|University of California, Berkeley|
|Directory News Site Map Home|
|Jepson eFlora: Taxon page
Key to families | Table of families and genera
Indexes to all accepted names and synonyms:
| A | B | C | D | E | F | G | H | I | J | K | L | M | N | O | P | Q | R | S | T | U | V | W | X | Y | Z |
Tree. Leaf: simple, alternate, 2-ranked; veins pinnate; stipules deciduous. Flower: radial; sepals 4–9, free to fused; corolla 0; stamens 4–9, opposite sepals; ovary superior, chamber 1, ovule 1, style branches 2. Fruit: 2-winged nutlet.
7 genera, ± 60 species: temperate to tropics; some cultivated for ornamental (Ulmus, Zelkova), used for wood (especially Ulmus). [Sytsma et al. 2002 Ann Missouri Bot Gard 89:1531–1546] Celtis moved to Cannabaceae. —Scientific Editor: Bruce G. Baldwin.
Unabridged references: [Elias 1970 J Arnold Arbor 51:18–40]
Deciduous. Leaf: serrate (or doubly so), base generally oblique, 2° veins straight, parallel, extending to margin, each ending in a tooth; axils of 2° veins generally with prominent tufts of hairs. Inflorescence: umbels or short racemes in leaf axils on old wood; flowers sessile or pedicels 7–17 mm. Flower: bisexual; calyx generally bell-shaped, lobes 4–9; stamens 4–9, exserted; ovary strongly compressed; style divided to base, branches spreading.Key to Ulmus
± 40 species: northern temperate. Widely cultivated as street trees; flowers, fruit needed for identification.
To 40 m; bark split into ridges or plates that seldom curve together. Stem: some branches with corky warts or wings; winter buds red-brown to almost black, bluntly short-ovoid or ± spheric, pubescent. Leaf: 5.5–11.3 cm, 3.5–8.3 cm wide, oblong or bluntly elliptical, acuminate or generally short-acuminate, margins double-serrate, abaxial surface pubescent on blade and veins, or glabrous except for tufts in vein axils. Inflorescence: flower, fruit before leaves in spring; pedicels ± 0. Fruit: 1.7–2 cm, 1.1–1.9 cm wide, broadly elliptical or ± round, pale green, glabrous except for pubescence on stigmatic surface in notch.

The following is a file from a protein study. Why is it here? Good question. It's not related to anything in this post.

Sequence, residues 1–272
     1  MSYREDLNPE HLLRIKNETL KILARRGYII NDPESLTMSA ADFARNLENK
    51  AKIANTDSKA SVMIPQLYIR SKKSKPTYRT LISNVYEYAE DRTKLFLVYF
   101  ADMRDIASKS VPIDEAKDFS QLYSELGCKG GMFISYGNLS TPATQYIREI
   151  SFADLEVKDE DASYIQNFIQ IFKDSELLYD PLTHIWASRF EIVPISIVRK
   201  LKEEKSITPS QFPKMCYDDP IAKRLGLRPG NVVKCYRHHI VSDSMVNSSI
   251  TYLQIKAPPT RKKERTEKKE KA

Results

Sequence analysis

Spreading by root suckers near old plantings; 10–1000 m. Inner North Coast Ranges, Sierra Nevada Foothills, Sacramento Valley, Central Coast, Southwestern California, Sonoran Desert; native to Europe. [Ulmus carpinifolia Gled.; Ulmus procera Salisb.] Feb–Mar [Online Interchange]
Previous taxon: Ulmus americana
Next taxon: Ulmus parvifolia
Citation for the whole project: Jepson Flora Project (eds.) 2013. Jepson eFlora, http://ucjeps.berkeley.edu/IJM.html, accessed on Apr 15 2014
Citation for this treatment: [Author of taxon treatment] 2012. Ulmus, in Jepson Flora Project (eds.) Jepson eFlora, http://ucjeps.berkeley.edu/cgi-bin/get_IJM.pl?tid=47478, accessed on Apr 15 2014
Copyright © 2013 Regents of the University of California
We encourage links to these pages, but the content may not be downloaded for reposting, repackaging, redistributing, or sale in any form, without written permission from The Jepson Herbarium.
See CalPhotos for additional images
© 2005 Luigi Rignanese
|Bioregions in which Ulmus minor occurs|| Markers link to CCH specimen records. If the markers are obscured, reload the page [or change window size and reload]. Yellow markers indicate records that may provide evidence for eFlora range revision or may have georeferencing or identification issues.
READ ABOUT YELLOW FLAGS
|View elevation by latitude chart|| Data provided by the participants of the Consortium of California Herbaria.
View all CCH records
CCH collections by month